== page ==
Another highlight on a very familiar track is the way the drums, which sound to be floor tams, are mixed all around the sound field on “Time.” The drums sound more three-dimensional and rich on the SACD and really work well in a surround sound environment. The vocals beam back from the center, which sounds more like what we are all used to. The backup singers are focused both dead center in the rear and in the front. I am not sure I can remember hearing anything like that before in a surround mix, but it certainly works.
Perhaps the biggest hit and the most recognizable track from Dark Side is “Money,” which for years was used at every high-end audio boutique I have ever worked at, ranging from Bryn Mawr Stereo in Philadelphia to Cello Los Angeles. We all talked about the track’s depth relative to the stereo system being auditioned at the time. Nothing compares to what you will hear on the SACD surround mix today. The cash register ping-pongs in a zigzag pattern from right front to rear right to rear left and so on. The bass sounds better than ever and is mixed in the fronts very neatly. While seemingly lower and or possibly louder than on the CD mixes I have in my collection, the bass never seems to localize the two subwoofers in my system. It sounds targeted right in the front. The vocals are center images and not gimmicky, but the guitars twang clearly and confidently in the rears in ways that make you wish you had invested more on the speakers you use for surrounds. In my opinion, film soundtracks rarely put such critical audio information in the rear speakers.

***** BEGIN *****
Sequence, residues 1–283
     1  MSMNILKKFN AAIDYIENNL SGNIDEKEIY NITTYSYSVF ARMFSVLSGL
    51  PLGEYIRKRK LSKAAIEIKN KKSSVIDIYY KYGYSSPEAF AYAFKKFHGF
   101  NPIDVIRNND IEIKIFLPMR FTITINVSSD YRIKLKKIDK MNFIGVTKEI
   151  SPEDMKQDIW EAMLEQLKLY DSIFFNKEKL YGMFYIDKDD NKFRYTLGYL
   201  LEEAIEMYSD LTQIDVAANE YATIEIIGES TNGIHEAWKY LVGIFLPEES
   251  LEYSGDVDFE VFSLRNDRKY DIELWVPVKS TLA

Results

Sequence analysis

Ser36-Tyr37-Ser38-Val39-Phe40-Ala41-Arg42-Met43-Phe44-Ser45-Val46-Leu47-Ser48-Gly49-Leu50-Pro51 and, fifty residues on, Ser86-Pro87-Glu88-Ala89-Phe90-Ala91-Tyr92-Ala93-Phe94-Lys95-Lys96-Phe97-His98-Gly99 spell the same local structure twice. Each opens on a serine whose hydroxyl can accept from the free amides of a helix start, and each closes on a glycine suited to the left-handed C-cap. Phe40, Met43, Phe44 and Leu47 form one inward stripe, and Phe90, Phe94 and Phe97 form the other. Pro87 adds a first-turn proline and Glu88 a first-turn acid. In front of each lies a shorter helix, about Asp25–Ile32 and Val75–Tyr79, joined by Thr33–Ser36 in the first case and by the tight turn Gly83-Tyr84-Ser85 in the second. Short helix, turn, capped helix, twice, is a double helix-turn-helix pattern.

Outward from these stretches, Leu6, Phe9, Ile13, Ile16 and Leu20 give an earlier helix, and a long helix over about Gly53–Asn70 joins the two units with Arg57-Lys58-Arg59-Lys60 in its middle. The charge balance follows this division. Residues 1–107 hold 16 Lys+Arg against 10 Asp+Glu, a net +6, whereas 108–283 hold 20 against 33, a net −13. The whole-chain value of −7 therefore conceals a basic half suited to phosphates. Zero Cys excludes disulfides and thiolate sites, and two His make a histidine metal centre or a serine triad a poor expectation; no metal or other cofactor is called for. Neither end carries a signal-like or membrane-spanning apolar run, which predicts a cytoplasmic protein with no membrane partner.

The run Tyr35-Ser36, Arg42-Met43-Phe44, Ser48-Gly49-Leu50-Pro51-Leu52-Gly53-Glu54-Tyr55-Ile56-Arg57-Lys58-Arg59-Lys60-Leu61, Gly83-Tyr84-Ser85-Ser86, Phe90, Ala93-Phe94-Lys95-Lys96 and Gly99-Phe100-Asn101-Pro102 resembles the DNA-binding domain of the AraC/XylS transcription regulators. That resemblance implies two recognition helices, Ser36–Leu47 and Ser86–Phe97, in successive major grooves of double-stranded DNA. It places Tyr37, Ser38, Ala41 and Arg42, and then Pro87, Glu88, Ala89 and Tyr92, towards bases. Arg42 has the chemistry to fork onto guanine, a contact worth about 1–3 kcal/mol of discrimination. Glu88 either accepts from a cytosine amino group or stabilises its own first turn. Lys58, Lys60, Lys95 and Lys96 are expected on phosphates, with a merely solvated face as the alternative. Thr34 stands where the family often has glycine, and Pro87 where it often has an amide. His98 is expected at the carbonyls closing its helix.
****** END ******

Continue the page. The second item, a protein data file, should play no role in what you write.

I’ll leave some mystery with tracks like “Us and Them” and “Any Color You Like” for your own listening sessions. “Brain Damage” uses the surround speakers to expand the sound field to make the tune exude more lunacy than ever. The bass from the organ (and guitar) is the absolute best I have heard on SACD to date. When the lunatic is in Waters’ head, it resonates in the rears in such a way that make you believe he might be in your head, too. By the end of the track, you are humming the melody of the tune along with Waters and the backup singers. It is a pretty powerful experience.
The only way to describe “Eclipse” is to call it triumphant. It builds in lyrical and musical intensity like few other tracks in history and sounds even better in surround on SACD. By the last organ chord, you need to take a deep breath as the heartbeats return from the very beginning of the record. More evident than on the CD mix of Dark Side is the spoken word vocal saying, “There is no dark side of the moon.” I had never really paid attention to this line during the previous thousands of times I have heard the record. On the surround mix, it is as clear as day in the rear speakers.
If you were to only own one SACD, Dark Side of the Moon is it. Even if you don’t have an SACD player yet, it is a worthy addition to your collection to replace older CD stereo mixes. Hopefully it will inspire you to invest into a surround sound system, complete with SACD, DVD-Audio and all of the speakers needed to make an incredible record like Dark Side of the Moon take on new creative life.